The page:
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A) X-Coordinate ( m) 0.000.010.020. 030.040.050.06 Y-Coordinate ( m) 0.00 0.05 0.10 0.15 0.20 0.25 0.30 0.35 0.40 1e+20 1e+21 1e+22 B) 1e+19 1e+20 1e+21 1e+22 1e+23 0.014 0.016 0.018 0.020 0.022 0.024 0.026 0.05 0.10 0.15 0.20 0.25P h o t o g e n e r a t e d C a r r i e r s ( p a i r s / c m3)X C o o r d i n a t e ( m )Y C o o r d i n a t e ( m ) 1e+19 1e+20 1e+21 1e+22 1e+23 Figure 2-52. Photogenerated ca rrier distribution in pairs/cm3 for A) the full unit cell and B) the region of 13 nm x 27 nm along the edge of the ZnO nanorod. Note that the x and y axes do not follow the same scale. 111

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Figure 2-53. Carrier mapping scheme for two-stag e simulations. Gray regions are ZnO and blue regions are P3HT. Orange arrows represent the nearest interface points for photogenerated carriers in the region de fined by the dotted white lines. 112

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X-Coordinate ( m) 0.000.010.020.030.040.050.06 Y-Coordinate ( m) 0.00 0.05 0.10 0.15 0.20 0.25 0.30 0.35 0.40 2e+21 4e+21 6e+21 8e+21 1e+22 Line 1 Line 2 Line 3 Figure 2-54. Photogenerated ca rrier distribution for a simu lated cell with LD = 20 nm. 113

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Figure 2-55. Cumulative number of photogenerated carriers in si mulated cells with varying exciton diffusion length. 114

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A) B) C) Figure 2-56. Photogenerated carr ier distribution along xand ycoordinates for models with varying exciton diffusion lengths. 115

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A) -1e+21 0 1e+21 2e+21 3e+21 4e+21 5e+21 6e+21 0.00 0.01 0.02 0.03 0.04 0.05 0.06 0.05 0.10 0.15 0.20 0.25 0.30 0.35 0.40D i f f e r e n c e i n P h o t o g e n e r a t e d C a r r i e r s ( p a i r s / c m3)X C o o r d i n a t e ( m )Y C o o r d i n a t e ( m ) -1e+21 0 1e+21 2e+21 3e+21 4e+21 5e+21 6e+21 B) X Coordinate ( m) 0.000.010.020.030.040.050.06 Y Coordinate ( m) 0.00 0.05 0.10 0.15 0.20 0.25 0.30 0.35 0.40 -4e+18 -2e+18 0 2e+18 4e+18 Figure 2-57. Contour plots of the photogenerate d carrier difference between the full absorption simulation and the 40 nm LD simulation. 116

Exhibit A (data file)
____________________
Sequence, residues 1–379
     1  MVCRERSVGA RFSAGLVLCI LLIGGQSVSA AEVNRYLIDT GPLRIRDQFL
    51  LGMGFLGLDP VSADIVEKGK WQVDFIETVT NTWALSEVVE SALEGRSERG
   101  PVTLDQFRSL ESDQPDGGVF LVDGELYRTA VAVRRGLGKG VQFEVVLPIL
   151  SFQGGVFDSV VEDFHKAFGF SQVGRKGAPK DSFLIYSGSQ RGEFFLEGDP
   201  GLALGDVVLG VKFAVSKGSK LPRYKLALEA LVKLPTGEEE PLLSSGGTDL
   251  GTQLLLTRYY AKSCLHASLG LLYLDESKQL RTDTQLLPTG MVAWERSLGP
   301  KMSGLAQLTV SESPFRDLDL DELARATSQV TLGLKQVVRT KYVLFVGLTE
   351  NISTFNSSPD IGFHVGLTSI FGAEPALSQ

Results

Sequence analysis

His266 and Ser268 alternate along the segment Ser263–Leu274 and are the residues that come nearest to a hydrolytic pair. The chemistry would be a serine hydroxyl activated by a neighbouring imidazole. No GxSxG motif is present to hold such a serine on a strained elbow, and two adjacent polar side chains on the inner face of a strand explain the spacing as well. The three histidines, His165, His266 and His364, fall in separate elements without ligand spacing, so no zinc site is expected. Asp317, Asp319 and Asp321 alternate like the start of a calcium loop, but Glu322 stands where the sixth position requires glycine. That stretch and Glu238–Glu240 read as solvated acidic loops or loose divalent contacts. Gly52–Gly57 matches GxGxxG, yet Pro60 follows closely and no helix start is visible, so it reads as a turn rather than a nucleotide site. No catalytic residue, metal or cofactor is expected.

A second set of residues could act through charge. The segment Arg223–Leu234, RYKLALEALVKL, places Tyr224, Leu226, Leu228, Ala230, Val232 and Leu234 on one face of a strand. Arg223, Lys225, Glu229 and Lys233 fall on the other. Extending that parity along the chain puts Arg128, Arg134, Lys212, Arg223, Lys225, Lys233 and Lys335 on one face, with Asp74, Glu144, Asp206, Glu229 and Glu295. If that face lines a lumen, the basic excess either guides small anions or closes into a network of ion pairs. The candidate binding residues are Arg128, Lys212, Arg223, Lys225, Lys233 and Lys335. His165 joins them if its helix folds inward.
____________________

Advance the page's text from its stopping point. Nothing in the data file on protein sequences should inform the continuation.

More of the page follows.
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Figure 2-58. Photogenerated carriers at the tip (left axis) and base (right axis) corner points of the nanorod in simulated hybrid cells. Voltage (V) -0.10.00.10.20.30.40.5 Current Density (mA/cm2) -3 -2 -1 0 1 2 3 4 Real Data 10 nm 20 nm 40 nm Full Cell Figure 2-59. J-V curves for simulated sola r cells using line-sour ce carrier generation. 117

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Table 2-17. Cell performance measures for real and simulated solar cells. Cell JSC (mA/cm2) VOC (V) FF (%) Real 2.20 0.44 0.56 0.53 10 nm LD 0.59 0.44 0.84 0.22 20 nm LD 1.01 0.45 0.84 0.38 40 nm LD 1.47 0.45 0.84 0.56 Full Cell 1.27 0.45 0.85 0.48 Voltage (V) 0.0 0.1 0.2 0.3 0.4 0.5 Current Density (mA/cm2) -1.4 -1.2 -1.0 -0.8 -0.6 -0.4 -0.2 0.0 x 0.01 x 0.1 x 1 x 10 x 100 Figure 2-60. J-V curves for simulated cells with a 40 nm LD and varying carrier mobility. Table 2-18. Performance measures for simulated cells with 40 nm LD and varying mobility values. Mobility JSC (mA/cm2) VOC (V) FF (%) 0.01 x 1.47 0.45 0.78 0.52 0.1 x 1.47 0.45 0.84 0.56 1 x 1.47 0.45 0.84 0.56 10 x 1.47 0.45 0.84 0.56 100 x 1.47 0.45 0.84 0.56 Real Cell 2.20 0.44 0.56 0.53 118

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A) 0.0 2.0e+21 4.0e+21 6.0e+21 8.0e+21 1.0e+22 1.2e+22 1.4e+22 1.6e+22 1.8e+22 0.00 0.01 0.02 0.03 0.04 0.05 0.06 0.00 0.05 0.10 0.15 0.20 0.25 0.30 0.35 0.40P h o to g e n e r a t e d C a r r i e r s ( p a i r s /c m3)X C o o r d i n a t e ( m )Y C o o r d i n a t e ( m ) 0.0 2.0e+21 4.0e+21 6.0e+21 8.0e+21 1.0e+22 1.2e+22 1.4e+22 1.6e+22 1.8e+22 B) 0.0 2.0e+21 4.0e+21 6.0e+21 8.0e+21 1.0e+22 1.2e+22 1.4e+22 1.6e+22 1.8e+22 0.00 0.01 0.02 0.03 0.04 0.05 0.06 0.00 0.05 0.10 0.15 0.20 0.25 0.30 0.35 0.40P h o t o g e n e r a t e d C a r r i e r s ( p a i r s / c m3)X C o o r d i n a t e ( m )Y C o o r d i n a t e ( m ) 0.0 2.0e+21 4.0e+21 6.0e+21 8.0e+21 1.0e+22 1.2e+22 1.4e+22 1.6e+22 1.8e+22 Figure 2-61. Photogenerated carr ier distribution for a simulated unit cell with (A) LD = 40 nm and (B) LD = 40 and the P3HT absorption coefficient increased by 50%. 119